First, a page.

California utility Pacific Gas & Electric said it will honor all existing power-purchase agreements in a forthcoming plan to reorganize and emerge from bankruptcy.
Whether or not legacy power contracts would survive has been a hot topic within power industry circles since the utility's role in deadly wildfires sent the company into bankruptcy. PG&E has committed to power contracts totaling $42 billion, most of which come from renewable power plants. Early deals with wind and solar developers now carry a significant premium compared to today's market, so backing out of the contracts held the potential to save PG&E billions of dollars.
Dropping the contracts would also send a shockwave through the renewables industry, particularly affecting the renewable energy units of Consolidated Edison, Berkshire Hathaway and NextEra Energy, but also threatening California's legislative mandate to decarbonize the electric grid.
A court filing from August 6 suggests that potential outcome will not happen. The new debtor's plan would see PG&E raise money from existing shareholders and securitized bonds to pay out wildfire victims, creditors and obligations to employees, while standing behind its power-purchase agreements, all apparently without raising electricity rates for customers, S&P reported.
"We want to be clear, we will not propose to reject these agreements as part of our plan of reorganization," PG&E spokesperson Lynsey Paulo told S&P.
That could put some fears to rest, although the plan has not been finalized and could still change. It also leaves open the possibility of "voluntary modification" of contracts by the counterparty, which has already happened.
Canadian Solar subsidiary Recurrent Energy took a voluntary pay cut of 10 percent on three solar projects, Reuters reported. Hummingbird Energy Storage and mNOC took the same cut on their energy storage contracts, part of the Moss Landing portfolio to provide cleaner alternatives to gas peaking capacity in the South Bay region.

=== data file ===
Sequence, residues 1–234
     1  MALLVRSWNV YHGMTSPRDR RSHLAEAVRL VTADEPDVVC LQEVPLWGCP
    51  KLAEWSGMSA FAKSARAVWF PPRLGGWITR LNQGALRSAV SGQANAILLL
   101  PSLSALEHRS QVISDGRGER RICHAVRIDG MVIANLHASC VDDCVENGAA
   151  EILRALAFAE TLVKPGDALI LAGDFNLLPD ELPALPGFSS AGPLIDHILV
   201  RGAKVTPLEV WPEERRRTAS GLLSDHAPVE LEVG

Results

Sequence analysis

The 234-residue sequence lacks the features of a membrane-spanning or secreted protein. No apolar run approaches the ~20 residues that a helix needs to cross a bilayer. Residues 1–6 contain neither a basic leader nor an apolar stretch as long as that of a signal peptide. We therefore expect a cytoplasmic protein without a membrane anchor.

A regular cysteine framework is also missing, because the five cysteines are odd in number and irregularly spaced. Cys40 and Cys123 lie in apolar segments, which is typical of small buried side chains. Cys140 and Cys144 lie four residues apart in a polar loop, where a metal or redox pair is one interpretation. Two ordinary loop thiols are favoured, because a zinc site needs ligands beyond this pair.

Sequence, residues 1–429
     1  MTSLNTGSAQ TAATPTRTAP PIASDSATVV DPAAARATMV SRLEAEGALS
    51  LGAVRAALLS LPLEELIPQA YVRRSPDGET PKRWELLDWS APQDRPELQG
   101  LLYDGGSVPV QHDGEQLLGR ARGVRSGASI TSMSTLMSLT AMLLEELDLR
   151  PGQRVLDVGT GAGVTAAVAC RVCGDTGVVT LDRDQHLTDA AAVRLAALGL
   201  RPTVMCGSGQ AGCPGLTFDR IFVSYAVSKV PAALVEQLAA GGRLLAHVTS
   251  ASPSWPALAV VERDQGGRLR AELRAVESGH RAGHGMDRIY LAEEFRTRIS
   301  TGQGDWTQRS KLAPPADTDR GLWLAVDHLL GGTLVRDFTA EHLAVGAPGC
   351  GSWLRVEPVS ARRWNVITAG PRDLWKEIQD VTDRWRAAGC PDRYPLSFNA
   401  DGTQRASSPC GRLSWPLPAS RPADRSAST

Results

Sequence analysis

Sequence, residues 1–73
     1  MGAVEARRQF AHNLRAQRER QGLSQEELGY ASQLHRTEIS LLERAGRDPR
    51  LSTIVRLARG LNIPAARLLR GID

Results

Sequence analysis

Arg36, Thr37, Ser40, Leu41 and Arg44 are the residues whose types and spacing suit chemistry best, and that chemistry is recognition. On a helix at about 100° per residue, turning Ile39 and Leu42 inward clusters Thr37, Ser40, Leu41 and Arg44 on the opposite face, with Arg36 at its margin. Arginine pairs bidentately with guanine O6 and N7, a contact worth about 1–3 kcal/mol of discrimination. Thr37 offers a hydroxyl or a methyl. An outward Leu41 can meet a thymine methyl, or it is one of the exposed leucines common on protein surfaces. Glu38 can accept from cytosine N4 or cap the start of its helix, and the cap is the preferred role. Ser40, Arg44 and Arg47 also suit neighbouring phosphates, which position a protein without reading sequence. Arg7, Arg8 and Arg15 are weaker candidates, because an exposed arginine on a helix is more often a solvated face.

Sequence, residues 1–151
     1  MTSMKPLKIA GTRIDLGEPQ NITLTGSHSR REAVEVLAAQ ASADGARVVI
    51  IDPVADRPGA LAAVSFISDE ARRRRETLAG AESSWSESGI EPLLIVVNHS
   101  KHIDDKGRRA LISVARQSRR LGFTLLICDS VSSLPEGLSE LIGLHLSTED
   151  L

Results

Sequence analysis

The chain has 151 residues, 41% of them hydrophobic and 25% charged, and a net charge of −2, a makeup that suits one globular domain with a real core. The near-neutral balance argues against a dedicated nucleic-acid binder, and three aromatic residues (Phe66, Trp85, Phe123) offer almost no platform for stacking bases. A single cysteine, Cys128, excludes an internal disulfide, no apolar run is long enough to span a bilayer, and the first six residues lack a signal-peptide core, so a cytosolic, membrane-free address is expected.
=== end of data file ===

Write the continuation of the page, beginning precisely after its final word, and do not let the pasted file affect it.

The California Public Utilities Commission approved the Moss Landing portfolio two months before PG&E filed for bankruptcy. Originally, mNOC was supposed to get 10 megawatts/40 megawatt-hours online by October 2019, while Hummingbird had until December 2020 to build 75 megawatts/300 megawatt-hours.
Uncertainty around PG&E's intentions toward its contracts makes it hard for developers to secure financing and break ground on the new projects. Though many of PG&E's existing contracts have been operating for years, those that cut a deal with the utility are still in development. These developers opted to trade a fraction of their project value for certainty that their customer would accept it at all. The utility expects to save $20 million from the five renegotiations, Reuters noted.
It remains to be seen whether PG&E can shake some more loose change out of its other contracts, or if all the other developers will get to keep them intact.